So why Brettanomyces? Historically, the brett yeast strain has often been an unwelcome guest in breweries and wineries as it can adversely affect fermentation, resulting in downright repulsive flavors and aromas and ruining entire batches of beer or wine. It would seem contradictory to intentionally introduce such a repugnant yeast strain to a beer, but when done correctly, the results can be extremely pleasing and complex, both in flavor and aroma. Take, for example, the Trappist abbey of Orval. When it comes time to bottle the beer, Orval adds in a strain of brett to aid in the refermentation that takes place in the bottle. Not only does this practice yield an impressive beer, but it’s a beer that continues to develop. Thanks to the additive of the brett strain, the Orval beer will mature in flavor over time. Many beer experts enjoy the experience of tasting a fresh Orval beer alongside one that has been aged as the difference is noticeably significant.

Triple Brett can be treated the same way; it’s advised that you get one bottle for now and another to save for later… much later. “This [the process of creating Triple Brett] is taking elements that exist in certain Belgian techniques traditions and forging a completely new direction,” says Kevin. “This beer will change over time; Brett will continue to mature in its flavor contribution for very long periods of time.”

The official release for Triple Brett will take place at the Boom Island Brewing taproom at 6pm on Friday, May 13. Bottles of Triple Brett will be available for purchase during the release, and perhaps plan on grabbing 2: one for the fridge and one for the cellar.

From the Brewer: 2015 Yule

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It is about tradition… not style.

Christmas beer is a long standing tradition among breweries large and small in that wonderfully quirky little country. A tradition that is, rather than a style, in a country where beer is taken as seriously as its fine cuisine.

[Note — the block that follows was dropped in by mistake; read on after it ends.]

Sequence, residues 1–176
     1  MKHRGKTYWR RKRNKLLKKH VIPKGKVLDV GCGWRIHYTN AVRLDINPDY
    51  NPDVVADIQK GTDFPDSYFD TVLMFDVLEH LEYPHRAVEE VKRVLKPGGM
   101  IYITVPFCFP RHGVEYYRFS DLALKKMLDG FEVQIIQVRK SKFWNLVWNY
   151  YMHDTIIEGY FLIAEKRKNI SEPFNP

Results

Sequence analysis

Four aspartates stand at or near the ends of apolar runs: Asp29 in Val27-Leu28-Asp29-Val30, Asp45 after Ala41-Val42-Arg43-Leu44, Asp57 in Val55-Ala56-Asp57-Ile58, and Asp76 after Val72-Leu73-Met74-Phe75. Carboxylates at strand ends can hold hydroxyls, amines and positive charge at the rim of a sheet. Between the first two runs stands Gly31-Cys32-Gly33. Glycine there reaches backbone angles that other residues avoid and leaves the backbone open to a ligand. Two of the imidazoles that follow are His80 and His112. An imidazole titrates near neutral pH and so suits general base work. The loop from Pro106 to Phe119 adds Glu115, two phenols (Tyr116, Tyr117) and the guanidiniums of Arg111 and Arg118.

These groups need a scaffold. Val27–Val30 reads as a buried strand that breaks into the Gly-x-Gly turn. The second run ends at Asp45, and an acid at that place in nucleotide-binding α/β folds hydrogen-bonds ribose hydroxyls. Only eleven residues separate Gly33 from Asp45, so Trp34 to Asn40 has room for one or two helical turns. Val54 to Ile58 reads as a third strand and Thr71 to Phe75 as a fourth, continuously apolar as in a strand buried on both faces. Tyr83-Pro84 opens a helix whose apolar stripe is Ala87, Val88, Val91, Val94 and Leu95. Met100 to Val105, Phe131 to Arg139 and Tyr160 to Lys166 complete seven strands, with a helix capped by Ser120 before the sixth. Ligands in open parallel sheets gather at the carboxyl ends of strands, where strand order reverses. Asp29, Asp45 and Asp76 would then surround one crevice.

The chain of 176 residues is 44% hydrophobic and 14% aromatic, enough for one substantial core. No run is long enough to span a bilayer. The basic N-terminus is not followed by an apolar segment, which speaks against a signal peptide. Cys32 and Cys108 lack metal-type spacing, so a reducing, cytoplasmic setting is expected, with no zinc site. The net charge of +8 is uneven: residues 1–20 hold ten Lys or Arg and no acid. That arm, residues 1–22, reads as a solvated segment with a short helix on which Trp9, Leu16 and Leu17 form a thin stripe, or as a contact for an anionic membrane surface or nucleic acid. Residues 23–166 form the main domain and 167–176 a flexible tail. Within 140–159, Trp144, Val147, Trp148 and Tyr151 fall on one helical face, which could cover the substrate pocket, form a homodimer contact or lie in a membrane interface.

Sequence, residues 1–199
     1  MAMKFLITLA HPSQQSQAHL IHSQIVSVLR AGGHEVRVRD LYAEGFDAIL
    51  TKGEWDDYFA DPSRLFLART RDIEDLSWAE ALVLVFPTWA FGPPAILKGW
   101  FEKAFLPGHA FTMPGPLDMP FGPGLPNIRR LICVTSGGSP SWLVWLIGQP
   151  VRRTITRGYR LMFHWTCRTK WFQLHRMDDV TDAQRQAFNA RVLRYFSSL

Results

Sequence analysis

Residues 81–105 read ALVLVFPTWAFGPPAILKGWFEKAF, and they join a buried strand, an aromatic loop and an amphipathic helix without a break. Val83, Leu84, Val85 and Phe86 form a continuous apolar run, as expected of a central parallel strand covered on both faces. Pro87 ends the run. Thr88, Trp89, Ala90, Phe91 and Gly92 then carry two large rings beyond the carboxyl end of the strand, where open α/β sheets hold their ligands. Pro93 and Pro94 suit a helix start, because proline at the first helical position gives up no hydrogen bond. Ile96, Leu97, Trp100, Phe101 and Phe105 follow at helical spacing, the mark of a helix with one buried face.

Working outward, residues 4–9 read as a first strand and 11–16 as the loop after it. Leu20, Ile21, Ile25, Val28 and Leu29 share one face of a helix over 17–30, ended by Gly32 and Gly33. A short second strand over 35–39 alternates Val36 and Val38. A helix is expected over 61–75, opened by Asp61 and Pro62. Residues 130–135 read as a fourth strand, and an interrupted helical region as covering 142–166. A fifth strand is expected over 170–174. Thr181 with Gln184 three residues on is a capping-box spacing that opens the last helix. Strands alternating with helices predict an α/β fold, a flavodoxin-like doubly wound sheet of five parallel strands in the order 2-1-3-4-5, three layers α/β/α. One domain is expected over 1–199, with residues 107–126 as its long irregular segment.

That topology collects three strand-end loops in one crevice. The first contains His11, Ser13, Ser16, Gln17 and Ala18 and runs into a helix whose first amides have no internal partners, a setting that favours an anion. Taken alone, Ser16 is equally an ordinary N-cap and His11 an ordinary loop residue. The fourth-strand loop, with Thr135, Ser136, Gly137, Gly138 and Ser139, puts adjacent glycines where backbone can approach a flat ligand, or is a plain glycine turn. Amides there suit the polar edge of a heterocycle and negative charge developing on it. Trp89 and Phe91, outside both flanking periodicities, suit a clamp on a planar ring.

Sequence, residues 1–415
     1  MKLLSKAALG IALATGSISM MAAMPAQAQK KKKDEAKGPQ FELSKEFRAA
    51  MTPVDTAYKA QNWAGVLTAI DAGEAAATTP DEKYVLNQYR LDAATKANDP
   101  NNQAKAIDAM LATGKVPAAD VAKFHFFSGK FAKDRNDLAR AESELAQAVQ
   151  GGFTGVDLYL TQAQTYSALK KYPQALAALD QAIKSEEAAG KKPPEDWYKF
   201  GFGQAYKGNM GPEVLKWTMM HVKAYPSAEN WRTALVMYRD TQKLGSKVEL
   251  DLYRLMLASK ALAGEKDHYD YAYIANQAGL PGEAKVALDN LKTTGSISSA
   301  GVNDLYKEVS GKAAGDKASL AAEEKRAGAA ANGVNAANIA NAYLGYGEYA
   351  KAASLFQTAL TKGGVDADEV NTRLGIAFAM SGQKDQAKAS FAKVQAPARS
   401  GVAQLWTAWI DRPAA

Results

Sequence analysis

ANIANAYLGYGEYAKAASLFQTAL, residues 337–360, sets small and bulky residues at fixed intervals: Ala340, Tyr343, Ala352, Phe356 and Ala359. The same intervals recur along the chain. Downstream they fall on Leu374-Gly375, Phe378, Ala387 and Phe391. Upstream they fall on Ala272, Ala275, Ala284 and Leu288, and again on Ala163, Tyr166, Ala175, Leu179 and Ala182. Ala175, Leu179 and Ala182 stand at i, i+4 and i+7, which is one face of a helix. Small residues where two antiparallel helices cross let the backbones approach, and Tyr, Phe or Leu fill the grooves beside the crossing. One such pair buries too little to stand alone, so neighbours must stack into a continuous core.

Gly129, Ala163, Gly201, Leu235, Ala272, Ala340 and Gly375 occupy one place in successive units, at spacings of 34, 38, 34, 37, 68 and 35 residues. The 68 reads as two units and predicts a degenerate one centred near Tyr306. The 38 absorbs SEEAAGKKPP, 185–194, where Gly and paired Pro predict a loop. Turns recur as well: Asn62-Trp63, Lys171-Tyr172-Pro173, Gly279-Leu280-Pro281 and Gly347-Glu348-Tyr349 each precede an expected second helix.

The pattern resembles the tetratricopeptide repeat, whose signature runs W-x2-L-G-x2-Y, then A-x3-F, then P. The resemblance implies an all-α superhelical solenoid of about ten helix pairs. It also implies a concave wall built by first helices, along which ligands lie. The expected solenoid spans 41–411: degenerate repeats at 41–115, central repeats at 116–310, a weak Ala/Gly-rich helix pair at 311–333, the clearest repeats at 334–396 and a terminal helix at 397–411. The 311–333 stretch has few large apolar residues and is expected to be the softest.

In the town of Essen near Antwerp in the North, there is even a special beer festival held annually specifically to showcase the beers brewed for the holiday season. In 2014, over 190 holiday beers were represented at that festival. As I mentioned before, this type of beer is a tradition rather than a style. Some are dark, some are blond. ABV can range from 7% to well above 10%. One interesting side fact…the famous Trappist brewery Chimay once brewed a Christmas beer. After its initial release, it was in such demand that the monastery decided to make it available year round so they gave it a new name so today we know it as Grand Reserve (the one with the Blue Label).

Although the tradition of the holiday brew does not dictate any necessary recipe guidelines, there are some general tendencies. The majority tend to be higher in alcohol. They tend to be darker. Many have holiday type spices and some have fruit.

In effort to showcase the tradition, our Yule has many of these qualities. It is rich and dark. I have always used holiday spices, but very lightly so. To acknowledge the fact that there is a wide spectrum of interpretation in recipe formulation, I have changed the fruit from year to year. Our first Yule was in 2012 and was made with tart cherries. In 2013 I used Italian plums and 2014 was fermented with black current which gave a nicely tart edge to the big, dark and bold 13% ABV beer.

That brings us up to this year, 2015 Yule. The story begins with a word or two on cellaring. Most beer is intended to be consumed fresh. Filtered and artificially carbonated beers are very vulnerable to oxidation, which is exposed to the liquid at bottling time. I am a passionate advocate for one particular element in the Belgian tradition of brewing and that is 100% natural, re-fermentation in the bottle. This means that at bottling time, a little bit of fermentable sugar is added to the beer allowing the yeast in the unfiltered beer to undergo a final fermentation in the bottle, once the bottle is sealed. Belgian brewers refer to it as “Living Beer”. The advantage is that this process consumes the oxygen in the headspace of the bottle making beer inside very shelf-stable.  The beer is now able to mature just like fine wine and without risk of oxidation.

All that being said, earlier this year we opened a bottle of our very first Yule which was more than 3 years old. Its flavor development over time was incredible. With cellaring in mind, we brewed this year’s Yule about four months ago and allowed it to mature a slight bit ahead of time for you. I also went back to that original recipe which used tart cherries. We made a bit more this time than we did on that first batch, now 4 years ago so you can grab an extra bottle or two and lay it down for years to come. Happy Holidays and Happy Yule!

Prost!!!

Yule will be available at the Friday, Nov. 6th taproom release party at 6PM. Join us at 2014 Washington Ave N., Minneapolis, MN 55411.